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Shopping for skates as an adult can be a vastly different experience than buying skates for children. Adults have the freedom to choose a relatively higher level boot because of their body mass and muscle power. This means they can go straight to intermediate boots without feeling like their movements are restricted. However, there are a few things to avoid when it comes to choosing skates.

Firstly, it’s important to avoid going straight for the most elite boot. Adults should start from intermediate boots that are recommended for single to double jumps. It could take a year for you to figure out your best fit, and your first pair of skates is often not the perfect fit. While we can get you the perfect size at the time of skate fitting, your foot may change size in the summer and winter. This means your perfect fit in the summer might not be your perfect fit in the winter.

Secondly, it’s tempting to go for a larger size for comfort. Some skaters don’t like the snugness of properly fitted boots and prefer a looser fit. However, buying oversized skates can lead to potential foot problems and performance issues. We’ve explained this in detail in a previous article, “Skating into Danger: Why Buying Oversized Skates for Children is a Risky Move.” Although the article talks about children, the same principle applies to adults.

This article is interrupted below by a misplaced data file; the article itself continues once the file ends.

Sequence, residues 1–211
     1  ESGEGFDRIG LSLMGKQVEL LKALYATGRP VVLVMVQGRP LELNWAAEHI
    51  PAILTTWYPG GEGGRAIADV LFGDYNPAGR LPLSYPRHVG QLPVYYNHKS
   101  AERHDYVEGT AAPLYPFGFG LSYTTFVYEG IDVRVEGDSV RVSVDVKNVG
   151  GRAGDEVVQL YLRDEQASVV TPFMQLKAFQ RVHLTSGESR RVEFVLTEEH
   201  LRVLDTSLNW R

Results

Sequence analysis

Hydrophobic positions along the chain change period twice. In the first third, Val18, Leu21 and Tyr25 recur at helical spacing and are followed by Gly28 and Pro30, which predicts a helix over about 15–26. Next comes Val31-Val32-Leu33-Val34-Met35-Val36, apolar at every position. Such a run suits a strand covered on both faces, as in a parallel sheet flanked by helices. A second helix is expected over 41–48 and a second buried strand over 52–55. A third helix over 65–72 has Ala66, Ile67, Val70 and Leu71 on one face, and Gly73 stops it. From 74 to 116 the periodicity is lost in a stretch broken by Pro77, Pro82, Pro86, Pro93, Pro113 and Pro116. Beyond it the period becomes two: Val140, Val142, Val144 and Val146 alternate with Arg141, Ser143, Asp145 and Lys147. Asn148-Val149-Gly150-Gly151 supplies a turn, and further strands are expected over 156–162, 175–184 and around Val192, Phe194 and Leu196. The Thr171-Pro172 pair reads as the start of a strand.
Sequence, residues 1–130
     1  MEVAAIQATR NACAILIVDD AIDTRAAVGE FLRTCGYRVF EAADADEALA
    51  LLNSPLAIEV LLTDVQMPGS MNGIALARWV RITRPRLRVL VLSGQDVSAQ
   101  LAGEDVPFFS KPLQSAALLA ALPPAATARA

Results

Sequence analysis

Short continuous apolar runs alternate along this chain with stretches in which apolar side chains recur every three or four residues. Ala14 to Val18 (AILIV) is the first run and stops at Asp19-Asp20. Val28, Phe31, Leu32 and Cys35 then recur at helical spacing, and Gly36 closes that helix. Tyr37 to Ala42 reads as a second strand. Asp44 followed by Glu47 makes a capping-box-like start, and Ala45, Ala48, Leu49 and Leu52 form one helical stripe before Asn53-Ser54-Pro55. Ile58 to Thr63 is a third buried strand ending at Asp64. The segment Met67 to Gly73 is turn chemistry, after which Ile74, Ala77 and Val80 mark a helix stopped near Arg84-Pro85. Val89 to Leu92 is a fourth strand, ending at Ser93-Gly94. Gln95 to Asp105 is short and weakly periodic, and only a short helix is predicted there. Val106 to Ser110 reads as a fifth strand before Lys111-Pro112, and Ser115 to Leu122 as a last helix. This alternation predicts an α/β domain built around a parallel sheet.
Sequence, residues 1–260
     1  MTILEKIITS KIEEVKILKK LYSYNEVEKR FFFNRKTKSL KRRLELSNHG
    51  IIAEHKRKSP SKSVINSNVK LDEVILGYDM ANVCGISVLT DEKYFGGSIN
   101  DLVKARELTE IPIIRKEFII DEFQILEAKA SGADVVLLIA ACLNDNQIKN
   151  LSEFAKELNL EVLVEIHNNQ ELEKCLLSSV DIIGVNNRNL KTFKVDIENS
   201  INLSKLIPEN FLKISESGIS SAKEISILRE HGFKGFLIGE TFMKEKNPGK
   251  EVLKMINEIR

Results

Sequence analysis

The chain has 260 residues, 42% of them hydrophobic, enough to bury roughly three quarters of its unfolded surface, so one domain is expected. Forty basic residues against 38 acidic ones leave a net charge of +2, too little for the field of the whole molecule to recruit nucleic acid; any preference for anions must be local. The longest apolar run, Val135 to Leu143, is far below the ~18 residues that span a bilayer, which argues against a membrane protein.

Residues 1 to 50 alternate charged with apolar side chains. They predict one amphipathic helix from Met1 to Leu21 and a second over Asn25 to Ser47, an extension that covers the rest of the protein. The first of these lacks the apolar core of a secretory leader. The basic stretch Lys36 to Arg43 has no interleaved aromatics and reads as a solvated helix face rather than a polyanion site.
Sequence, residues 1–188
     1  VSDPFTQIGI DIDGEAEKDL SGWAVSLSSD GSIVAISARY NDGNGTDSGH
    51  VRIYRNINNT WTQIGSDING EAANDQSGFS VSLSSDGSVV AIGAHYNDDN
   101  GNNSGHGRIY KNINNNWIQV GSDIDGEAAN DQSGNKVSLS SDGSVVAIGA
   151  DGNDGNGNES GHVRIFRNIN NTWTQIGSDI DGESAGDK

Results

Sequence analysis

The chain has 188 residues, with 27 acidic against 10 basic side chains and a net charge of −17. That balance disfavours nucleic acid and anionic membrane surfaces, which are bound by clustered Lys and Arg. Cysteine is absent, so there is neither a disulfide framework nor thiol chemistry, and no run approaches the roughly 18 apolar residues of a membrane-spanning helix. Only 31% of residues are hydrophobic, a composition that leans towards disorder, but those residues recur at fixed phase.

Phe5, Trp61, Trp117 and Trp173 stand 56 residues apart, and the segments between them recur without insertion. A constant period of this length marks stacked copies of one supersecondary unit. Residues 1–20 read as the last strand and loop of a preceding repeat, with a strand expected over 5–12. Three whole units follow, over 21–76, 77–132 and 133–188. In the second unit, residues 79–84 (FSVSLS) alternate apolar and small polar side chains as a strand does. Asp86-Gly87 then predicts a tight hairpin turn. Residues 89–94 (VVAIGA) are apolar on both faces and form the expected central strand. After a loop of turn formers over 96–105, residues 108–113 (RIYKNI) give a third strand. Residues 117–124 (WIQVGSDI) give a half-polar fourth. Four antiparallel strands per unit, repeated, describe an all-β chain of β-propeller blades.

Lastly, it’s important to avoid the desire to have the same boots as your favorite skater. A lot of adults start skating because of an ice celebrity, and it’s natural to want to wear the same setup as your favorite skater. However, skates are performance footwear, and correct sizing and fit are extremely important if you want to progress in the sport. Don’t force your foot into something that doesn’t work well for you.

In conclusion, while adults have more freedom to choose higher level boots, it’s important to start from intermediate boots and avoid buying oversized skates or forcing your foot into a boot that doesn’t fit. Ultimately, the key is finding the right fit that will protect your ankles while allowing for optimal movement on the ice.

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